words by Carol King
Francesco Menegazzo is the winner of Italy’s first-ever season of the popular TV reality show ‘The Apprentice’.
A 29-year-old bank trader, Menegazzo beat 15 other candidates to become an apprentice to show host Flavio Briatore at his company Billionaire that sells fashion and sportswear. The show was well liked in Italy and audience figures climbed from 167,000 for the first episode to 442,000 for the 10th, and final, episode.
The show’s format is popular throughout the world. It started in 2004 in the USA and has since swept around the globe with franchises in more than 20 countries. The Italian version adopts the familiar agonising tick of a clock as contestants wait to hear if they survive, claustrophobic boardroom and panoramic overhead shots of the city in which it is shot, Milan.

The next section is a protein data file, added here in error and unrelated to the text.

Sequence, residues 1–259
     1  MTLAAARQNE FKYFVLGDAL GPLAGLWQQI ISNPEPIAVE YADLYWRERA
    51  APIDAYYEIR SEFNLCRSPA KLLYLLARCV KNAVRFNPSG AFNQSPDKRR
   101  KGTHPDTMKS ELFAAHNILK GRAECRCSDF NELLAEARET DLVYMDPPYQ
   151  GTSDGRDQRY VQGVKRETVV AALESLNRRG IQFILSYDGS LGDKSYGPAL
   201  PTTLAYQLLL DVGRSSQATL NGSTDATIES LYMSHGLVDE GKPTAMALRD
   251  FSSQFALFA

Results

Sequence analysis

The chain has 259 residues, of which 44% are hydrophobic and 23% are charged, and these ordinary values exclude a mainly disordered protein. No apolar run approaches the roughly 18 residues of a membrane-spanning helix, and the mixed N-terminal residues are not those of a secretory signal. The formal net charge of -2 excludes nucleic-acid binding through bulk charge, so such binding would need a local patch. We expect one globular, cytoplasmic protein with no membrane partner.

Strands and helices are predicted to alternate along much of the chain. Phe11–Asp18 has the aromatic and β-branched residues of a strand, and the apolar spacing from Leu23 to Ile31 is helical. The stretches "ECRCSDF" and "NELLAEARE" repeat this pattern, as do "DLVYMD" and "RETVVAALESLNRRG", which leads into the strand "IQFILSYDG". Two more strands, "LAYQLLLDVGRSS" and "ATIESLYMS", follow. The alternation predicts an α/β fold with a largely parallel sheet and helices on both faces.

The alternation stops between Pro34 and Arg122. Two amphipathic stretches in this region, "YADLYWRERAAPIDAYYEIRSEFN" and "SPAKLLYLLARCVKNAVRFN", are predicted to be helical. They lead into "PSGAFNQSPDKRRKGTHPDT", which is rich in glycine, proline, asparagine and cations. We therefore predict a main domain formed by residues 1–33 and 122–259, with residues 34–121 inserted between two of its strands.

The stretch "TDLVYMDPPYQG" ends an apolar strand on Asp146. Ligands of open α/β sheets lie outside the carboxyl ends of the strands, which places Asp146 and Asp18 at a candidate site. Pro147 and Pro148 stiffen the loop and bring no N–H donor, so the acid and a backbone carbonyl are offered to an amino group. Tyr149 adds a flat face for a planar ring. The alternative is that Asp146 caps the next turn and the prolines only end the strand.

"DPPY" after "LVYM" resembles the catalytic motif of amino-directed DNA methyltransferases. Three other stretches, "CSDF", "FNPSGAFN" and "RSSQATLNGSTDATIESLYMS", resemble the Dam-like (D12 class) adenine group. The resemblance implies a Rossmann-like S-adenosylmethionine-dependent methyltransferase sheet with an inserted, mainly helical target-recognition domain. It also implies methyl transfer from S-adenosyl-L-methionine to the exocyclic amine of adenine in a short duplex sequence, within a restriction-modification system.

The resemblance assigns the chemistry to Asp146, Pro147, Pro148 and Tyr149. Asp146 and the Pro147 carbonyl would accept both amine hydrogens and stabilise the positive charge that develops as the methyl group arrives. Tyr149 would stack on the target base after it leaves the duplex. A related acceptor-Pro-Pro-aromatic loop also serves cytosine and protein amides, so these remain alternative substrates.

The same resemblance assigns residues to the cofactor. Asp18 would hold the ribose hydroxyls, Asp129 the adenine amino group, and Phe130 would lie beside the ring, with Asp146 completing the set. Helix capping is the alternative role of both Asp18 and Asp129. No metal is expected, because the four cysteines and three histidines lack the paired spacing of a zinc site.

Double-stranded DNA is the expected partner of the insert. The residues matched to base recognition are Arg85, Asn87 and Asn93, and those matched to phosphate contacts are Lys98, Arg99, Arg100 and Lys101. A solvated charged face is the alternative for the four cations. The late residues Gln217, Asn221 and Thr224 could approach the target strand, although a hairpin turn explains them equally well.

Italy’s ‘The Apprentice’ has its own Donald Trump/Lord Sugar/Mark Bouris/Bill Cullen/Terry Serepisos figure in the shape of the 62-year-old, white-haired, spectacle-wearing Briatore. Dressed in black T-shirt and suit, his pointing a finger to the boardroom door as he says: “Sei fuori!” is just as stern as hearing “You’re fired!” in English.
Yet the business magnate and former playboy Briatore brings a very Italian touch to the show, telling competitors: “Whoever works with me has to have two balls like this!” as he waves his cupped hands in front of him as if holding two large, heavy objects. Nor was he a judge to be messed with as revealed by his catchphrase: “The boss is always right, even when he’s wrong.”
The contestants were the usual mix of over confident business people, consultants and analysts that compete in the shows worldwide. Housed in a kitsch pad in Milan they set out to complete a range of tasks that ranged from buying fish in a market to resell at a profit, to designing toys and buying items for the city’s Hotel Principe di Savoia. As ever, some contestants proved to be rude, incompetent and self-aggrandising and were shown the door.
The wannabe apprentices each had their own memorable phrases and winner Menegazzo’s claim: “They call me an iron fist in a velvet glove, who knows why….” proved true.